The IPO market in India is booming from the past few years. We have seen multiple IPO success stories recently. These successful IPOs have prompted a lot of novice investors to start considering IPO as a potent tool for investment.
IPO is crucial in other sense too. It is an indicator of the economic health and stability of the nation’s economy. If the country’s economy is going in the right direction, IPOs attract a lot of investors. On the contrary, if the situation is grim, people become sceptical and avoid investing in IPOs altogether.
For e.g., the Indian stock market saw 90 IPOs in the year 2018, while in 2020, the number is around 10. When you look at the economy’s performance, it becomes clear that the economy of the nation and Primary market is interconnected.
You might have come across various fancy terms like IPO lot size, Grey Market, and IPO Face Value. From an investor’s point of view, it’s crucial to understand these terms correctly. A detailed understanding of these terms can come in handy while taking critical investment decisions.
In this piece of information, we will be talking about Face Value of IPO. But for better understanding, let’s refresh ourselves about IPO.
Table of contents
What is an IPO?
Initial Public Offering or IPO, as it is generally known, is a process through which a company offers its share to the investors. The process is initiated to raise the fund and take the company public. There are two methods for issuing an IPO. One is through the book building method, and the other is through the fixed price method. Both ways have their pros and cons. The most prevalent process of issuing IPO in India is by Book building.
To understand the Face Value of IPO, it’s vital to follow this method first.
What is the Book Building method?
In this method, the company doesn’t fix the exact price of the share. It sets a specific price band for the issue. The interested investors then place their bids on various price ranges. In this method, the price of the item is decided after the process of biding is complete.
The price that receives maximum bidding from interested investors is fixed as the issue price. During this process, the number of bidders and their bidding price is regularly updated on the platform.
During this process, the company the floor price and ceiling price of the issue. The ceiling price is the maximum price at which the IPO can be issued, and the floor price is the minimum price at which the share can be issued. In short, the final issue price will be equal to or above the ceiling price and similar to or below the ceiling price.
It is during this process that the company releases the face value of the share.
What is the Face Value of the share?
Investors are now well-accustomed to the terms like floor price, ceiling price, and issue price. Now the Face value or sometime also known as the Par value can be understood as the nominal Value of the share to be issued.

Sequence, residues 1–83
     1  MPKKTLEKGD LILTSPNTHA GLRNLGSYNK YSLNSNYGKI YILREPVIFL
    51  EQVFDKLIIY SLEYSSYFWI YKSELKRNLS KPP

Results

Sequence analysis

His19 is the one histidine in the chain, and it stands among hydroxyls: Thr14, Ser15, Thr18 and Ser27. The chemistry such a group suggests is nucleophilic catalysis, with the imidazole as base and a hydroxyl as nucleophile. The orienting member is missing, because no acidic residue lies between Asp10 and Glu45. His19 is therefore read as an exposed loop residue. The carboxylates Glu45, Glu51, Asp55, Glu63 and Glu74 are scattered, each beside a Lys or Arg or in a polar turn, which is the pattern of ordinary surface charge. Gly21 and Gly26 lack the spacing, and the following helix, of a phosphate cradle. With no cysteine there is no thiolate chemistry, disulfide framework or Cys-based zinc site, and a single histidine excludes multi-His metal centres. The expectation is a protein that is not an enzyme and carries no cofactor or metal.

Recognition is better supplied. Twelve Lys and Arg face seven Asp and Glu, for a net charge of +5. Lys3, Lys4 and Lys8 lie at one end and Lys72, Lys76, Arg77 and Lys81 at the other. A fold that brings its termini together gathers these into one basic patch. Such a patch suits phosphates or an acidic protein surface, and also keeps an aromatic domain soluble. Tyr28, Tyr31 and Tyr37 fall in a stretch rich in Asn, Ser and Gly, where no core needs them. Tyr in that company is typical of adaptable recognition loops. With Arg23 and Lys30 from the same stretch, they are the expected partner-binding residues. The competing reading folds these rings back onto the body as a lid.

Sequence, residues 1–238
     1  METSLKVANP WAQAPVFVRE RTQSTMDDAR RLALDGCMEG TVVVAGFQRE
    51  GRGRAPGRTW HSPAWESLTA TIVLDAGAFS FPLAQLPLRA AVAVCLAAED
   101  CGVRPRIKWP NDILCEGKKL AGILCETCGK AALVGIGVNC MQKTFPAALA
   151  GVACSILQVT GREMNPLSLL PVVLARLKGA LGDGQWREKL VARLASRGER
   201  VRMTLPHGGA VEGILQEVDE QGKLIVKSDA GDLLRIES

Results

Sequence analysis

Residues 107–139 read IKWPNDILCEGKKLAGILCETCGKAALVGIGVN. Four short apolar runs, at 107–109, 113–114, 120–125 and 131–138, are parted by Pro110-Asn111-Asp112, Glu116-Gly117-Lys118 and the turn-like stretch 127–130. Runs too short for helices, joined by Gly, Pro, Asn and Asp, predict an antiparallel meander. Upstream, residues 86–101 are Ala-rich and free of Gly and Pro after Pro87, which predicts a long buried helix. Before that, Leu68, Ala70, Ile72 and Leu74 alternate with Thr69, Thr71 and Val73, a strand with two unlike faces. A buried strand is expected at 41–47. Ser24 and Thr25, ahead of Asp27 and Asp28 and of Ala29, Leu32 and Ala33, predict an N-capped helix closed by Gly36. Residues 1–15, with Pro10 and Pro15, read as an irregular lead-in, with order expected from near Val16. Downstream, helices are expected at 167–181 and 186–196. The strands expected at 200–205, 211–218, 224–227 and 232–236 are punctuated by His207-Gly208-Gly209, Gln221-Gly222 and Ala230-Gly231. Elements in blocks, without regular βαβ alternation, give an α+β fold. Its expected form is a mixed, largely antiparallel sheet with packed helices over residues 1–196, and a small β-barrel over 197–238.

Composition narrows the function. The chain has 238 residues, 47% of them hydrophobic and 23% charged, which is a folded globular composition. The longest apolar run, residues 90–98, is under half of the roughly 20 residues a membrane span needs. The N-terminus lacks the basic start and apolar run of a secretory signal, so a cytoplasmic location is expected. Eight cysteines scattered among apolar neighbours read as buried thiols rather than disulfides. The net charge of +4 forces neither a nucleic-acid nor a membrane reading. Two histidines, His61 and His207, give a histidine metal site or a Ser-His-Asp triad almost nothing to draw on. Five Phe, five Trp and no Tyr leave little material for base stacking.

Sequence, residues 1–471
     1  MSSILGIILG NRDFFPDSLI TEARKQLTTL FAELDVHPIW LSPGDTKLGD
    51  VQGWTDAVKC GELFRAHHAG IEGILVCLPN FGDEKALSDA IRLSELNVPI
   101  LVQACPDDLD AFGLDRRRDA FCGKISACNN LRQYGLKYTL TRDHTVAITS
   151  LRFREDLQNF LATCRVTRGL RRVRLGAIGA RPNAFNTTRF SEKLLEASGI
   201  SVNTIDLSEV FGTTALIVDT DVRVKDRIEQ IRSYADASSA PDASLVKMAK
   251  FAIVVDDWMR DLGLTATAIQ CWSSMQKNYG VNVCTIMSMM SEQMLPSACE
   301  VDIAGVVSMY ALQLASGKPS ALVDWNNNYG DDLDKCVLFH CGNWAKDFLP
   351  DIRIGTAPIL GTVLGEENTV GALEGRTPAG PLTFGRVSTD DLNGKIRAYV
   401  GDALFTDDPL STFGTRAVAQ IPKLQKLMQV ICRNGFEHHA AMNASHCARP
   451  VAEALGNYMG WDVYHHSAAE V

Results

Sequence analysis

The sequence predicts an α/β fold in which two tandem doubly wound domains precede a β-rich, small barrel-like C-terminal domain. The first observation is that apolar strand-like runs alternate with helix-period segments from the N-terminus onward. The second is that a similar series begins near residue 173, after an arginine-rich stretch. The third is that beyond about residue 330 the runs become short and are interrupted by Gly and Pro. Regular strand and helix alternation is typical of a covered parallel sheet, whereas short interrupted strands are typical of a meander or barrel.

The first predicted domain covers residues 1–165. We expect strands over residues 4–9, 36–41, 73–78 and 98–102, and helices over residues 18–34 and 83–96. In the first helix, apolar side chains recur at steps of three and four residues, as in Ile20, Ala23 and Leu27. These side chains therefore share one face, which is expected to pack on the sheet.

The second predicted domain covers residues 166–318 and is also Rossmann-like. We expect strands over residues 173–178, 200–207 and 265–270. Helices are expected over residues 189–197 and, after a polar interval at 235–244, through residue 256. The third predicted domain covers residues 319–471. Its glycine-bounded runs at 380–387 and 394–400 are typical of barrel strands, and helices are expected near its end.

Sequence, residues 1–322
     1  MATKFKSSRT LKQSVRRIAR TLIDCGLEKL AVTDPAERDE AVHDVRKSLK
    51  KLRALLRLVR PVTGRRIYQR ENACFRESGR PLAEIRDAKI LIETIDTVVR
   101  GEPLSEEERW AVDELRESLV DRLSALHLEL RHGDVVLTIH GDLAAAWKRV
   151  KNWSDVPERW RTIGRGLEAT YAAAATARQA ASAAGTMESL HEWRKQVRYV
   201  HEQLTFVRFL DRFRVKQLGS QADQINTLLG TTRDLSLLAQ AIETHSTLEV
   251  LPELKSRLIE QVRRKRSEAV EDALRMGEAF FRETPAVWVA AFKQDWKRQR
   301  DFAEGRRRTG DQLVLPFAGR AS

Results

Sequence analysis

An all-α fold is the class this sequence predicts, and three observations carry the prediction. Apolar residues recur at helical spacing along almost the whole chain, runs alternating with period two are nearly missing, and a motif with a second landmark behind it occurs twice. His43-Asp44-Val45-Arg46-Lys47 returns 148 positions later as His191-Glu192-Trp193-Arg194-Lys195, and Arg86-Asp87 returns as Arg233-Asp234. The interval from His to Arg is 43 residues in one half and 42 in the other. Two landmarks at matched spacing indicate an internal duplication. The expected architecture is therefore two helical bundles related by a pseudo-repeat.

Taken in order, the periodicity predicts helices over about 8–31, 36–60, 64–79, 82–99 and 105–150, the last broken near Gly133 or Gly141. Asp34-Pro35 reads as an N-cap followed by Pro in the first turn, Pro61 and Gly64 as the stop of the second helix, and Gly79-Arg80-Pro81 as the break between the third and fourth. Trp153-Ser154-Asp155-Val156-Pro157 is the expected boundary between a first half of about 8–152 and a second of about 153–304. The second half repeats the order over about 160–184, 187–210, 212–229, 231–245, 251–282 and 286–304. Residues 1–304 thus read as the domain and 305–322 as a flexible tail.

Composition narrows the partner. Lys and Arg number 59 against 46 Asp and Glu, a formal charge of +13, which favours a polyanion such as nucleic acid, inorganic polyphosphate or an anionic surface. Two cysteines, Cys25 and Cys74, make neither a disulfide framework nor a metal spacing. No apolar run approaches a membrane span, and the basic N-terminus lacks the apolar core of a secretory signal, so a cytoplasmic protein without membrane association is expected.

For e.g., the face value can be any number like INR 2, INR 10, or INR 1000. The issue price or the price band decided by the company is the sum of the face value of the share and the Premium that the company demands from its subscribers.
In simple terms,
Face Value of the share + Premium asked by the company on the share = the issue price of the share
Now a crucial thing that investors need to understand about the Premium over face value decided by the company is that the Premium is not decided randomly. The company fixes the Premium depending on various performance matrices of the company.
These matrices include the company’s performance, profit, stability, past financial performance, and future growth potential. The company that is not performing so well generally sets the price bands near the face value as it wants to attract potential investors. On the contrary, the companies that are performing well enough and are confident that investor will line up for bidding keeps the price band well above the face value.
After understanding what the Face value is, let delve deeper into its utilization.
What is the Importance of the Face Value of any share?
Once the company goes public and its shares start trading, market sentiments, and the company’s performance in the business primarily affect the valuation of the share. In such circumstances, it is not suitable for the company to use the valuation of the share for various purposes.
The primary use of face value is during the splitting of share. Let’s assume the valuation of the share of a company in the market is INR 10000, and the face value is INR 20. At the market price, the share is not suitable for investments for small retail investors. To attract more retail investors, the company will announce the split of 1:4. The valuation of the share will reduce to INR 2500, and the face value will reduce to INR 4. This makes the share attractive for small investors.
The secondary use of the face value is during the announcement of dividend by the company to its shareholders.
For e.g., The face value of the share is INR 10, and the valuation of the share is INR 200. The company decides to offer a 50% dividend to its existing investors. In this case, the dividend is calculated on the Face value, and it will be INR 5.
Though these are very technical terms and you need not be experts in this matter to be investors, it’s better to have a clear understanding of these terms as investors. A lot of actions taken by the listed companies are based on the face value, and hence you should have some information about it. Having some information about the tools you invest or are planning to invest your hard-earned money never hurts!
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